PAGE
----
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Risk Factors for Cardiovascular Disease

Service coordinators play critical roles in facilitating team consideration of consumers’ risk factors, and in developing plans that mitigate identified risks. The risk of heart disease posed by heredity, lifestyle, and history of heart disease, affect us all, including people with developmental disabilities. Confounding these common risk elements, some consumers with developmental disabilities have congenital heart disease. Consumers with Down syndrome or other chromosomal anomalies, such as Turner’s syndrome, have a high incidence of congenital heart defects. For example, approximately 57% of persons with Down syndrome have congenital heart problems.

There are many potential risks to be assessed and considered by teams and service coordinators. Familiarity with the risk factors outlined below should prove useful in supporting the heart health of consumers.

Risk Factors that can be Prevented, Controlled, or Treated

  • Smoking. Nicotine and carbon monoxide in tobacco smoke reduce oxygen in the bloodstream. Smoking lowers the HDL (beneficial) cholesterol and increases the clotting tendency of blood. People who smoke have a risk of cardiovascular disease that is 2-4 times greater than that of people who do not smoke. Smokers risk sudden death twice as much as their non-smoking peers. People who smoke risk developing peripheral vascular disease (narrowing of blood vessels to legs, arms, stomach, or kidneys) at a rate that is 10 times higher than that of people who do not smoke. Women over the age of 35 who smoke and use certain contraceptives greatly increase their risk of stroke.
  • High Cholesterol. As blood cholesterol levels rise, so do the risks of coronary heart disease and stroke. Couple that with other risk factors such as high blood pressure and/or smoking, the risk becomes even more significant.
  • High Blood Pressure. High blood pressure makes the heart work harder than when blood pressure is within a normal range. When blood pressure is high over time, the heart enlarges and weakens. High blood pressure increases the degree of risk a person has for heart attack, stroke, kidney failure, and congestive heart failure. When other risk factors such as obesity, smoking, high cholesterol, or diabetes co-exist, the risk of heart attack or stroke increases several times over.
  • Obesity. Even if a person has no other risk factors, their excess body fat subjects them to a greater risk of developing heart disease and stroke. Being obese is related to coronary heart disease because it has an influence on blood pressure, blood cholesterol and triglyceride levels, and lays a foundation for diabetes to develop.
  • Diabetes Mellitus. Approximately 75% of people with diabetes have some type of heart or blood vessel disease identified as their cause of death. Diabetes is a major risk factor for developing cardiovascular disease. Even when a person’s glucose levels are well controlled they are at risk for heart disease and stroke.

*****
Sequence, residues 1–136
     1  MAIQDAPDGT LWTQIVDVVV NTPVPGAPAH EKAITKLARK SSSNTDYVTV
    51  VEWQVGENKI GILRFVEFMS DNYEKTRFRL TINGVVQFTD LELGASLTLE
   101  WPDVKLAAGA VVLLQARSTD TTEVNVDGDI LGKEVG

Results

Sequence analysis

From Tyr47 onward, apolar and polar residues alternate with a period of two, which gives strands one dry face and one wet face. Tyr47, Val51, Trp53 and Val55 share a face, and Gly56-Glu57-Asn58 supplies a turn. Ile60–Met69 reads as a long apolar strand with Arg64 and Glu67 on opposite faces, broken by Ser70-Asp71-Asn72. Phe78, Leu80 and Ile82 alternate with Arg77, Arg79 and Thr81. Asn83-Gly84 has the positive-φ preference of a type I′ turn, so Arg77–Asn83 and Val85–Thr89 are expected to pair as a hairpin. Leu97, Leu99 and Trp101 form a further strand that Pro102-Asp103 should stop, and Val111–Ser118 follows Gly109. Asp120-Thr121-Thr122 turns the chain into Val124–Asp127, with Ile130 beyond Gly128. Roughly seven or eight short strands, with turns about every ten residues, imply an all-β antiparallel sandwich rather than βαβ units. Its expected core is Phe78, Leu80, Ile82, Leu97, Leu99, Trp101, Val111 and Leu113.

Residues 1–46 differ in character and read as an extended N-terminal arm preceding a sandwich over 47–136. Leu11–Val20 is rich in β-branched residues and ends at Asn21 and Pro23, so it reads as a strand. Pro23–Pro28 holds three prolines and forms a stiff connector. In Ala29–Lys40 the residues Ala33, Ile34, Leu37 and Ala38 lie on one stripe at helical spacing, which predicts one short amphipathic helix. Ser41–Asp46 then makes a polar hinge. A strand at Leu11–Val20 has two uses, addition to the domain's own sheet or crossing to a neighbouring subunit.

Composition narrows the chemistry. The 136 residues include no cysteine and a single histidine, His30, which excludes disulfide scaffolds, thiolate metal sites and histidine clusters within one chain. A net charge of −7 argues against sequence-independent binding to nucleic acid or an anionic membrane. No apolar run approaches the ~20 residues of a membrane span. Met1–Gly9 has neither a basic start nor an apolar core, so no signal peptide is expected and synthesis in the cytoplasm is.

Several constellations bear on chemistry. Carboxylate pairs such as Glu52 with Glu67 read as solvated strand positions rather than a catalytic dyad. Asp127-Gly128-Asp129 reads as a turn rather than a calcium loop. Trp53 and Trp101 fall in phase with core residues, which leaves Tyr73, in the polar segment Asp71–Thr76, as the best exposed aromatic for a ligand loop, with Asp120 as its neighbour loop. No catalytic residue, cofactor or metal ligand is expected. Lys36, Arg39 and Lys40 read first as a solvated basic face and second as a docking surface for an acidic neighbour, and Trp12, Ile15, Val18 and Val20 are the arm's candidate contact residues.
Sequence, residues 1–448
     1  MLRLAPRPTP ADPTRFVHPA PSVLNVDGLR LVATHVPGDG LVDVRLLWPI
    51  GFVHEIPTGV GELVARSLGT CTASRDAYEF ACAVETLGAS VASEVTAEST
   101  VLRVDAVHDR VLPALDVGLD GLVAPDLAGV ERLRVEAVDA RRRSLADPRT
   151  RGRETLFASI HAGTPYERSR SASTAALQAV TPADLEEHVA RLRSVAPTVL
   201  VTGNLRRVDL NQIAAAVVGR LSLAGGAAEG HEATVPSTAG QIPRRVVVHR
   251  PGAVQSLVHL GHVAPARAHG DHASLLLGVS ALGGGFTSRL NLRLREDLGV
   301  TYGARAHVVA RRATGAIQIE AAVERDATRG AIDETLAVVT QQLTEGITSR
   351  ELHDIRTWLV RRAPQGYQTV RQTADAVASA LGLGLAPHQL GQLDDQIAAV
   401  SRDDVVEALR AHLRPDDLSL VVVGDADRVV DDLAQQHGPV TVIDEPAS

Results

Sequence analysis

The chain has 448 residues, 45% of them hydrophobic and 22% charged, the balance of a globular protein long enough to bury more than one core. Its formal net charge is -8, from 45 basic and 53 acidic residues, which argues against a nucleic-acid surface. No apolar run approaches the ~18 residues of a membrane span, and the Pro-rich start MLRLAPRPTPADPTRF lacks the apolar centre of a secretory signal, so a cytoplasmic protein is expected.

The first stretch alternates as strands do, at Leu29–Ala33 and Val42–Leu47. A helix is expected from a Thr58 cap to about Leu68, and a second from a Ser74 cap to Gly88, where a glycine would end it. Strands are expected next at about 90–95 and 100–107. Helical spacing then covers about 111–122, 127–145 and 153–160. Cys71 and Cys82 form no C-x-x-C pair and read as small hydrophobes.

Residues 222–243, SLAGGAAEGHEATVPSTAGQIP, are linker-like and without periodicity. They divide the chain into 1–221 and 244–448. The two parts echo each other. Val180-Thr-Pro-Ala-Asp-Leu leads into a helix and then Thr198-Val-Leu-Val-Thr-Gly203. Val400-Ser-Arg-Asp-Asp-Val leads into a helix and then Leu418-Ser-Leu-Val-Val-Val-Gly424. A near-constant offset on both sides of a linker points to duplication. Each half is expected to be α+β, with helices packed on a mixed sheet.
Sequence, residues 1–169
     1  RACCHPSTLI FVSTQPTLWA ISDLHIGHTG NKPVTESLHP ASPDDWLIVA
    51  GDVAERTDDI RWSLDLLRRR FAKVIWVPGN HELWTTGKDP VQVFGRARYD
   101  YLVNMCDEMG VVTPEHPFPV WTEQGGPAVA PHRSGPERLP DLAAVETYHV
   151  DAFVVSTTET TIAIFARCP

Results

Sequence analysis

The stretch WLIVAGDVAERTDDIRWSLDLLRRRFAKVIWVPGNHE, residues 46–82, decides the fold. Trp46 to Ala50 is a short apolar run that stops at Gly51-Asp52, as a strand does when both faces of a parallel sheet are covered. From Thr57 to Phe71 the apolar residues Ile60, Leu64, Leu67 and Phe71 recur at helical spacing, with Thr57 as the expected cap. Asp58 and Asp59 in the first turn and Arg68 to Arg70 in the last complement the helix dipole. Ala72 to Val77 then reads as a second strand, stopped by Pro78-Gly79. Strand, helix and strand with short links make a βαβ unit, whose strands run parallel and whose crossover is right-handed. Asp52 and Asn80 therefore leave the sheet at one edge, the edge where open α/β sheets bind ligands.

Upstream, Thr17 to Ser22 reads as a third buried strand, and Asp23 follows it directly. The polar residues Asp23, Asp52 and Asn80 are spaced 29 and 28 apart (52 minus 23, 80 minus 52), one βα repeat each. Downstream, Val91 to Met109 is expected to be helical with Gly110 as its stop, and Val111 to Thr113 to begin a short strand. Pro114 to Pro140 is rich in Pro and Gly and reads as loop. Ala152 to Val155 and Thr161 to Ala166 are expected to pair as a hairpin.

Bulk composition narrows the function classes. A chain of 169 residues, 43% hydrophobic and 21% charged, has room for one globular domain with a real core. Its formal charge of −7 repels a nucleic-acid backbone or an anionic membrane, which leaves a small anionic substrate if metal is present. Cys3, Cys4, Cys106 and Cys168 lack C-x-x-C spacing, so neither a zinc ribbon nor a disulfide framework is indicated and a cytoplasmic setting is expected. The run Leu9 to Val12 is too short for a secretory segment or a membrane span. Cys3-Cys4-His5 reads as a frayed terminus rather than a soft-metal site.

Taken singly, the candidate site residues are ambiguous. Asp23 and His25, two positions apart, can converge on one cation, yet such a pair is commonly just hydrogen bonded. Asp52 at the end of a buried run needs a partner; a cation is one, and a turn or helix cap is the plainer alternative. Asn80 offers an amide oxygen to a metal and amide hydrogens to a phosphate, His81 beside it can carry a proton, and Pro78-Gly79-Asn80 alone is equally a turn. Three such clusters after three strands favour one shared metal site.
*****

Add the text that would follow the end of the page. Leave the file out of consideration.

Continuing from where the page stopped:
• Lack of Physical Activity. Physical inactivity is considered one of the lifestyle considerations in assessing risks of coronary heart disease. Unfortunately, many consumers with developmental disabilities, including persons who have limited mobility, tend to lead somewhat sedentary lifestyles. Exercise plays an important role in controlling blood cholesterol, diabetes, and obesity. In some people, exercise is beneficial in lowering blood pressure. Benefits in the prevention of heart and blood vessel disease can be found in regular, moderate-to-vigorous exercise. People who engage in moderate-intensity physical activity on a regular, long-term basis can also accrue preventative benefits.

Risk Factors that cannot be Changed

  • The Aging Process. Although men, women, and children of all ages can develop cardiovascular diseases or conditions, the older a person is, the greater the risk. Approximately 85% of people whose deaths were caused by coronary heart disease were age 65 or older.
  • Heredity, including Racial Considerations. A family history of heart attack, stroke, or other cardiovascular disease is considered a major risk factor for any person. The incidence of high blood pressure in people who are African American increases their risk of developing heart disease.
  • Gender. Men have a greater risk of heart attack than women, and these attacks generally occur earlier in life. Stroke is also more common in men than in women. It should be noted, however, that women actually account for more than half of all deaths due to stroke. Pregnant women have a higher stroke risk, as do women who both smoke and take contraceptives as noted above.
  • History. If a person has already had a heart attack or stroke, he or she is more likely to develop additional problems, including another heart attack or stroke. A consumer’s history of cardiovascular disease and treatment provides critical information for preventing or minimizing the impact of future health problems.

Handy Online Resource
The American Stroke Association has developed the Heart and Stroke Encyclopedia, a seemingly exhaustive reference guide to diseases of the heart and circulatory system. From Aneurysm to Xanthomas, the information is current and presented in interesting and understandable formats. The Encyclopedia is available online for ready access to information and resources on cardiovascular health.

To view The Heart and Stroke Encyclopedia, go to:

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